Colonel Scott, who lectures this evening in the Union, has spent more than thirty years in the regular army. He knows West Point from his life there as cadet and superintendent, but he is also thoroughly acquainted with the American army from service in this country and in the insular territories. He is a student as well as a soldier, and his books on Indian life and languages are valuable contributions to native anthropological knowledge.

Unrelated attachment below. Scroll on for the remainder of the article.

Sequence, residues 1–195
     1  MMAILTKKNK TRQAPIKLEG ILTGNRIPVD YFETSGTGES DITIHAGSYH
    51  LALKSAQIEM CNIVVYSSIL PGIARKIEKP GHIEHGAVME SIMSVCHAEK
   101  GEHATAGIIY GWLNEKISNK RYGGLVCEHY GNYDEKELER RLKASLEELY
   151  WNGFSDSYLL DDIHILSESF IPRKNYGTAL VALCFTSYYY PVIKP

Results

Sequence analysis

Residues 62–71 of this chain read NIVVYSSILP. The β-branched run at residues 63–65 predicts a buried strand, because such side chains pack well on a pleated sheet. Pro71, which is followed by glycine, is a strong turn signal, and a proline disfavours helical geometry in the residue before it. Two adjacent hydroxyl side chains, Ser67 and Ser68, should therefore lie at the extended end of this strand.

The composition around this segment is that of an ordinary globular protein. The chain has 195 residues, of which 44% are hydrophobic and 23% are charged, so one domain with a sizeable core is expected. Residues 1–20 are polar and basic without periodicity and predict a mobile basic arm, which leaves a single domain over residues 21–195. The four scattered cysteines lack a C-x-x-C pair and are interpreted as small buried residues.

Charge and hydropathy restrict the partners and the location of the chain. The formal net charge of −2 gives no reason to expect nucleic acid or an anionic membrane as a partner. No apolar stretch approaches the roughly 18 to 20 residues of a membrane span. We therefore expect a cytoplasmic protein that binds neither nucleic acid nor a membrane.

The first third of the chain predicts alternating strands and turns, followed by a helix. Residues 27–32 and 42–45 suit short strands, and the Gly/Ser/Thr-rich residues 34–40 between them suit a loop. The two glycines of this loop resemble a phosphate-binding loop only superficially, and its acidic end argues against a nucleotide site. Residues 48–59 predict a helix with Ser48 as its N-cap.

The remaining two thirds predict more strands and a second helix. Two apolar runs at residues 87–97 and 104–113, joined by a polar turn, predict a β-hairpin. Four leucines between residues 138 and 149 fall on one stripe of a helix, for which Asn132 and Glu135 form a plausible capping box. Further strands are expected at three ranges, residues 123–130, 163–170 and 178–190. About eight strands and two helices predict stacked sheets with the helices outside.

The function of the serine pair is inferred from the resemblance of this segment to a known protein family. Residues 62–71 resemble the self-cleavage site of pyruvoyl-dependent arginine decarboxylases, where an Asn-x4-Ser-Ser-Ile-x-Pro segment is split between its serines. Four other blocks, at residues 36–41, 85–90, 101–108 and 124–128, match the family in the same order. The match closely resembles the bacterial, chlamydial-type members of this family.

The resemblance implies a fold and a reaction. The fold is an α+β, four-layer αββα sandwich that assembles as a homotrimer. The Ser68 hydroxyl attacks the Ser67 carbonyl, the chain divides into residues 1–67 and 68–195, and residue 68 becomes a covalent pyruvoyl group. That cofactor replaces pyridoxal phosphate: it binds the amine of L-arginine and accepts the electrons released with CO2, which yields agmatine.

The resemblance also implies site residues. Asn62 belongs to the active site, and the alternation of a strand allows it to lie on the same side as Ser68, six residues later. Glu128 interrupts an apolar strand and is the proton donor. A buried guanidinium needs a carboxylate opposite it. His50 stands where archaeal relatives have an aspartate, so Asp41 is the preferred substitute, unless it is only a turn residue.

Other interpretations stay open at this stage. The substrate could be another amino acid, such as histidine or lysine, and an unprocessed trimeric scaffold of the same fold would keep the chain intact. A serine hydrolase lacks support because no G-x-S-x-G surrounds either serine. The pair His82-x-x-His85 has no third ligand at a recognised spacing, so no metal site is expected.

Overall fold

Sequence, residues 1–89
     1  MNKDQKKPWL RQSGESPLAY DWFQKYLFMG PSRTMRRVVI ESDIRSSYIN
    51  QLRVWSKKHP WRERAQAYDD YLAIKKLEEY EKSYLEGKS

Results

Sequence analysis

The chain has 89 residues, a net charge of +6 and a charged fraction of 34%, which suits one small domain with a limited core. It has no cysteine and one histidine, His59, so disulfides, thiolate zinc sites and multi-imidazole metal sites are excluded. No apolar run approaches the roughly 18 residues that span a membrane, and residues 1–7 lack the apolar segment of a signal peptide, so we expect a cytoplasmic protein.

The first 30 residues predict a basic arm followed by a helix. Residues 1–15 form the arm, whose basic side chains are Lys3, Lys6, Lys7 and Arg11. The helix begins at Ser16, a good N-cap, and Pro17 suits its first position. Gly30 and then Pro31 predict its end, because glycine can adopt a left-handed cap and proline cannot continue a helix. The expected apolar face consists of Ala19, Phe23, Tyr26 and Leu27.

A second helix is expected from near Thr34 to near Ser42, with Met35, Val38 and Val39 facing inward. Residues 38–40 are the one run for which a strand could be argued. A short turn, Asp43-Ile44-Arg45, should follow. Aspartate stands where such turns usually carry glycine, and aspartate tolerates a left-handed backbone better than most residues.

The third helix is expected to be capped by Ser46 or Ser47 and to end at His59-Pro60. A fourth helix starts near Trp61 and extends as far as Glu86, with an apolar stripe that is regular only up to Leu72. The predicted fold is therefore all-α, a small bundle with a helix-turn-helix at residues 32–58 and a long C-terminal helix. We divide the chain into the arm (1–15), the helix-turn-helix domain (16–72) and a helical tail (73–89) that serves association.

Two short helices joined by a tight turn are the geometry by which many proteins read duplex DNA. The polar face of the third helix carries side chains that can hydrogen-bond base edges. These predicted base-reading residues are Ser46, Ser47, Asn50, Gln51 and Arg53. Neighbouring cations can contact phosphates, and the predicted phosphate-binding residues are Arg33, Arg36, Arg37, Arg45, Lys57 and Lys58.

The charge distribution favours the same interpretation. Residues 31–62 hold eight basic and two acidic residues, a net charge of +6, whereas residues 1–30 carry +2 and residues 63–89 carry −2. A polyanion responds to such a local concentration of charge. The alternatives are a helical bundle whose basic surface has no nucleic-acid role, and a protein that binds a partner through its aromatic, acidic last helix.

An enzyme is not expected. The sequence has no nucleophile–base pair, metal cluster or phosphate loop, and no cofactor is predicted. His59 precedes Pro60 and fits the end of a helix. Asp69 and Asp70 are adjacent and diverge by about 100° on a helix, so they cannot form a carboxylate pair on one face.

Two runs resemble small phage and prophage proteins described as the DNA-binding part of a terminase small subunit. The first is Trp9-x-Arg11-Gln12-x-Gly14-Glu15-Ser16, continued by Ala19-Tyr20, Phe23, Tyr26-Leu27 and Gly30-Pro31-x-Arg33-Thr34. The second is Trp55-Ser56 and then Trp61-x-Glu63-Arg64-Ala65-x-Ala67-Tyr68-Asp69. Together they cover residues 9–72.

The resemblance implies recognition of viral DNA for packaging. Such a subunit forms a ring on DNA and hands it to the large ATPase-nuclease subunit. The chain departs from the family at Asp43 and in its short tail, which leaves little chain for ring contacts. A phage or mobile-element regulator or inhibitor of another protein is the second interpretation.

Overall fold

West Point is unique among the higher educational institutions of the country as one in which the elective system has had little influence. In a little more than a century the Military Academy has sent out nearly five thousand graduates, trained in its strict curriculum, who have held and now hold places of trust and responsibility in official and in civil life. No college can show an equal number of alumni with better average records for public service. It is the West Point that trains men not only in engineering and in military science, but also in discipline and the proper discharge of responsibility, that will be described tonight.

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